E-cigarettes and vaping

Unveil what you inhale

What is vaping

Vaping is the act of using an e-cigarette, or ‘vape,’ which are lithium battery-powered devices that use cartridges filled with liquids, or ‘juice.’ The liquids typically contain nicotine, artificial flavourings, and various chemicals, some of which have been shown to be toxic. The liquid is heated into an aerosol, or vapour, and inhaled into the user’s lungs.

Vaping and young people

E-cigarettes can serve as a “gateway” to nicotine addiction and tobacco cigarette smoking. There have been many studies which found experimentation with e-cigarettes encouraged the use of tobacco cigarettes, particularly among young people. According to the Australian Bureau of Statistics, more than 1 in 5 (21.7%) young Australians aged 18-24 and 7.6% of 15-17-year olds have used an e-cigarette or vaping device at least. It’s likely that these figures are under-reported because responses were provided by an adult living in the same household.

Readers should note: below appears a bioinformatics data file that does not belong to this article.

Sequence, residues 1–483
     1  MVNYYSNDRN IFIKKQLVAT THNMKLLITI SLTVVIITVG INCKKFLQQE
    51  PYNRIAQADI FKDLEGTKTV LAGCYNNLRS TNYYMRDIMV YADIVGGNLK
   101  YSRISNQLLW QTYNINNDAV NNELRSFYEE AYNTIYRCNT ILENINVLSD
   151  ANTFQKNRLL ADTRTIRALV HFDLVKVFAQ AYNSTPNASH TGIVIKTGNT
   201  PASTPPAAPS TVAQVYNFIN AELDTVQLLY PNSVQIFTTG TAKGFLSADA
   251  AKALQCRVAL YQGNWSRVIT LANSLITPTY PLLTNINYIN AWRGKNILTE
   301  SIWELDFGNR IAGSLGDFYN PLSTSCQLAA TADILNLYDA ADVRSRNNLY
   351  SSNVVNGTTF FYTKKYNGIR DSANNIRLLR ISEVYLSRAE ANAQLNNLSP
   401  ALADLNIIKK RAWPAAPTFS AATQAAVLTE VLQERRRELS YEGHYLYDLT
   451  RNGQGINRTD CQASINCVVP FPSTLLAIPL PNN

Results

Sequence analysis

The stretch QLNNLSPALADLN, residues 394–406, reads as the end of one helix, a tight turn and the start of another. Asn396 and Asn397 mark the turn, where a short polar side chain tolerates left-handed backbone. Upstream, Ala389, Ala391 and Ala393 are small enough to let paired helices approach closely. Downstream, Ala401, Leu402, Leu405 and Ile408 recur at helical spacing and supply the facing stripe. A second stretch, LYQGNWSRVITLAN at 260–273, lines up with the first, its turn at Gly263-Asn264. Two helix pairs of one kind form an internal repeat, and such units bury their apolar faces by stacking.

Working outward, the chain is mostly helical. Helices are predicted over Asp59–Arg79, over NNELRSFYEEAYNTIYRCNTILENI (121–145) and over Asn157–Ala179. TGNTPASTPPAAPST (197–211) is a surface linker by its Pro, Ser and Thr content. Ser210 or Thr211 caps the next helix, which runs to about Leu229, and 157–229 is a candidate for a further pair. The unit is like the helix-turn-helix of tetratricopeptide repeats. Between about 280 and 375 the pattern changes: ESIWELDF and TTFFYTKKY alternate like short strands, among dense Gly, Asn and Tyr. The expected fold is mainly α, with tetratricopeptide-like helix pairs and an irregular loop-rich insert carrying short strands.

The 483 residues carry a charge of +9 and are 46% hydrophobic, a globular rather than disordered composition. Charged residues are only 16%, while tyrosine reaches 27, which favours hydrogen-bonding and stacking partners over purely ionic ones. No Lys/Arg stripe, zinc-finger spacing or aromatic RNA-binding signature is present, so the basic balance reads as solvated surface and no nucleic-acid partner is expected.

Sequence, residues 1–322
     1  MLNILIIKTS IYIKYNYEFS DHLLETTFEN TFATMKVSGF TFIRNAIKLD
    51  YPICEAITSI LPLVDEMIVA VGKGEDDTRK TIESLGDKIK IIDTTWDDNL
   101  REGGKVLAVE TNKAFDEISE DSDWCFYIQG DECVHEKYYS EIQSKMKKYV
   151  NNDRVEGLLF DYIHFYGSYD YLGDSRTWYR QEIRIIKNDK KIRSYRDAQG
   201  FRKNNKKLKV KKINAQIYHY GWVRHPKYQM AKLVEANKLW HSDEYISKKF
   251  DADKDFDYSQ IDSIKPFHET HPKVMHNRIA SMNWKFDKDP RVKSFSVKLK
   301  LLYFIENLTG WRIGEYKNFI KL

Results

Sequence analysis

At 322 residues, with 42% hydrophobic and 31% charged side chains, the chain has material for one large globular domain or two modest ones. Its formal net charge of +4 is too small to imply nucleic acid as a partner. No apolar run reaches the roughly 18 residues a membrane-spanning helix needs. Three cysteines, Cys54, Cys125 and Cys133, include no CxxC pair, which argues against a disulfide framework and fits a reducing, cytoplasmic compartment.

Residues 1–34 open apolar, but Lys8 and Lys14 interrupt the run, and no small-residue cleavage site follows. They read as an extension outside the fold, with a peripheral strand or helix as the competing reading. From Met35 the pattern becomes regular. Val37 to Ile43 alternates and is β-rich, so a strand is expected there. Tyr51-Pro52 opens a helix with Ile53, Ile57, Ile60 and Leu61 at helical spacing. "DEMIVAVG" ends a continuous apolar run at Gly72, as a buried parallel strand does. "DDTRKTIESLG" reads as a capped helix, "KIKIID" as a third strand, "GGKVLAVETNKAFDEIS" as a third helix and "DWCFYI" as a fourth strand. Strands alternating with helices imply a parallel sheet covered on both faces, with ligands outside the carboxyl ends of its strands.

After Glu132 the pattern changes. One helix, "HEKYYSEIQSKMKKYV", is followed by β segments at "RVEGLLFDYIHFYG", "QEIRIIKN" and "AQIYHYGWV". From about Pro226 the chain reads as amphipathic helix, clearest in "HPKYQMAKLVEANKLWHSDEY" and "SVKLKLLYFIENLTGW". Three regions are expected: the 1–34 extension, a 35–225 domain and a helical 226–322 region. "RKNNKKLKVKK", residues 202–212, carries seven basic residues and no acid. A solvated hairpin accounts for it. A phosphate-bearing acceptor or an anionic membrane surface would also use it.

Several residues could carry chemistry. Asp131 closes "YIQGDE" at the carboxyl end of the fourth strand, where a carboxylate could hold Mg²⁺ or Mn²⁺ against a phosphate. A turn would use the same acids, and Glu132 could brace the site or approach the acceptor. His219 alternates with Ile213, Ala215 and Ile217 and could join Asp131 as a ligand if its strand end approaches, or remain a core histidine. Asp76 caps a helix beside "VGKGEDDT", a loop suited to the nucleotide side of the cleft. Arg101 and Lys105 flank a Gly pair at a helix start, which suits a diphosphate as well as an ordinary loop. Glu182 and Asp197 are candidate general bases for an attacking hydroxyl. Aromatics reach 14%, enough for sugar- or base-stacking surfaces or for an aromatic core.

Vaping in Australia

It is illegal to use, sell or buy nicotine for use in e-cigarettes to anyone in Australia without a prescription. With the exception of Western Australia, each state and territory permit the sale of vapes and e-cigarettes, but not the sale or purchase of liquid cartridges that contain nicotine. For this reason, many users purchase their products and liquid cartridges online. These products are often imported from overseas, meaning there is little control over how they are manufactured and what they contain.

Health impacts of vaping

Vaping is unsafe and potentially dangerous. While the long-term health effects are unclear, we do know that vaping in the short-term has been associated with nausea, vomiting, mouth and airway irritation, chest pain and heart palpitations. There is a common misconception that vaping is merely harmless water vapour — in fact, it’s an aerosol made up of toxic particles.


These aerosols contain and emit many harmful compounds, including:
– Formaldehyde and acrolein, which can cause irreversible lung damage
– Propylene glycol, which is toxic to human cells
– Nicotine, which is highly addictive and can harm the still-developing adolescent brain, particularly in areas that control attention, learning, mood and behavioural control.


For further information and support contact Lung Foundation Australia